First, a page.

Suicide is the act of intentionally causing the one's own death and it can be explored by different studies using different methodologies, one of which is the statistical analysis of suicide, recognized by World Health Organization as very useful in research to gain a better understanding of the phenomenon.
Research data from statistical analysis collected from various countries shows that there are gender-by-culture differences in rates of suicide completion and it has been reported that biological, social and psychological factors affect suicidal behavior differently in men and women.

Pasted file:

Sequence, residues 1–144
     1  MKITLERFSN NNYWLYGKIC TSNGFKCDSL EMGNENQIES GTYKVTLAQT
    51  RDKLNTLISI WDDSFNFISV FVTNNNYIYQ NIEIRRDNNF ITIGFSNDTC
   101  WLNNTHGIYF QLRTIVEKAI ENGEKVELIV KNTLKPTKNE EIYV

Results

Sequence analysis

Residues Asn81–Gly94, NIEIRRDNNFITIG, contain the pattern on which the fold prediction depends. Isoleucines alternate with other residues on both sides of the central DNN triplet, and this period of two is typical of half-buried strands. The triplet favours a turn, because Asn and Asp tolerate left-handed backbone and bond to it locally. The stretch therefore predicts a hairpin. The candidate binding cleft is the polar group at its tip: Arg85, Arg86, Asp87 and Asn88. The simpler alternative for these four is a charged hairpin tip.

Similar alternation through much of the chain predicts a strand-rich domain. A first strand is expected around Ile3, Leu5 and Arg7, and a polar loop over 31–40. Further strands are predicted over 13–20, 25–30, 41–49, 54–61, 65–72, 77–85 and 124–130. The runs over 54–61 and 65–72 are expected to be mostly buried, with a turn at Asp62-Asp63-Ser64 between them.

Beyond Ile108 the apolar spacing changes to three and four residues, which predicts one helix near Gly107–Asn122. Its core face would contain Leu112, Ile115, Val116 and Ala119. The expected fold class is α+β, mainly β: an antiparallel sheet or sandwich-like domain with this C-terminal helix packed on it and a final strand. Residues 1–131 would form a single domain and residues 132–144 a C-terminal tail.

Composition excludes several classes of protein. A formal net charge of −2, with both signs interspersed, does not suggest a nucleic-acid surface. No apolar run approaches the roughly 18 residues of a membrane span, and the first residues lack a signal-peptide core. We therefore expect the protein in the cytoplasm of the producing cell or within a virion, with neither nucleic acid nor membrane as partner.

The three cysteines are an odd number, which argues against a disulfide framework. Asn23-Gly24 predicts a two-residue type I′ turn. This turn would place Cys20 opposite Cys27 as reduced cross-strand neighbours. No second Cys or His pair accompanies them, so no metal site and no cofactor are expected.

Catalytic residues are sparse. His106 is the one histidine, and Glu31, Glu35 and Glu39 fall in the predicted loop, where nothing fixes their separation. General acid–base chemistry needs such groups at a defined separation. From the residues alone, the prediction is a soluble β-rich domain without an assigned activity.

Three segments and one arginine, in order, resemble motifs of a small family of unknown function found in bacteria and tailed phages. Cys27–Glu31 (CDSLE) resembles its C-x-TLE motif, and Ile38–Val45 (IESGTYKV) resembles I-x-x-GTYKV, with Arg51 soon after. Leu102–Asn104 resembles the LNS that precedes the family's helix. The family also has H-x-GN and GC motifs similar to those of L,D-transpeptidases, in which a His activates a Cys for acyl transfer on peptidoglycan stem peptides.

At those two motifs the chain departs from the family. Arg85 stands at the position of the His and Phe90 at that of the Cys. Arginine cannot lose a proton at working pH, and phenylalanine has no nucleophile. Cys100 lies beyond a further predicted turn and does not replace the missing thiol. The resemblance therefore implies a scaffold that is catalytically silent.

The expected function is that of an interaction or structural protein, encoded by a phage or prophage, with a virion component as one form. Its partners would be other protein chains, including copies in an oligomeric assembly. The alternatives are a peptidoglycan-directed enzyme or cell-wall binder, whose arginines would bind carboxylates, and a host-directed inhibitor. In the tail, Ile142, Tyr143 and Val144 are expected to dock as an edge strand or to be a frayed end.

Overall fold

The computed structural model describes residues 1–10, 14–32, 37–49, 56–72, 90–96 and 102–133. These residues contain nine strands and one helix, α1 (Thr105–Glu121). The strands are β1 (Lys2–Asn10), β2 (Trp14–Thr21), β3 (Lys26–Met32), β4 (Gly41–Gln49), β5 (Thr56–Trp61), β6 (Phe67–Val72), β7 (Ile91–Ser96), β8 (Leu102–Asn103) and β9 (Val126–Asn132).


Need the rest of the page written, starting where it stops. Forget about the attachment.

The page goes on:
Several variables were characterized by the authors not only to establish the gender differences in suicide completion in the central Portugal but also to compare this reality with nacional and european patterns.
The authors present a retrospective study of forensic autopsies performed between 2006 and 2010 in the central portuguese regions of Aveiro, Castelo Branco, Coimbra, Covilhã, Figueira da Foz, Guarda, Leiria, Viseu and Tomar. Among 8148 forensic autopsies 15% (N=1248) were due to suicide and data collected from these forensic post mortem exams helped to establish the profile and circumstances of suicide in men and women.
Health care professionals must consider gender differences in treating patients who are at risk for suicide, although this field clearly deserves more research attention to generate information that can guide clinical practice and prevention strategies.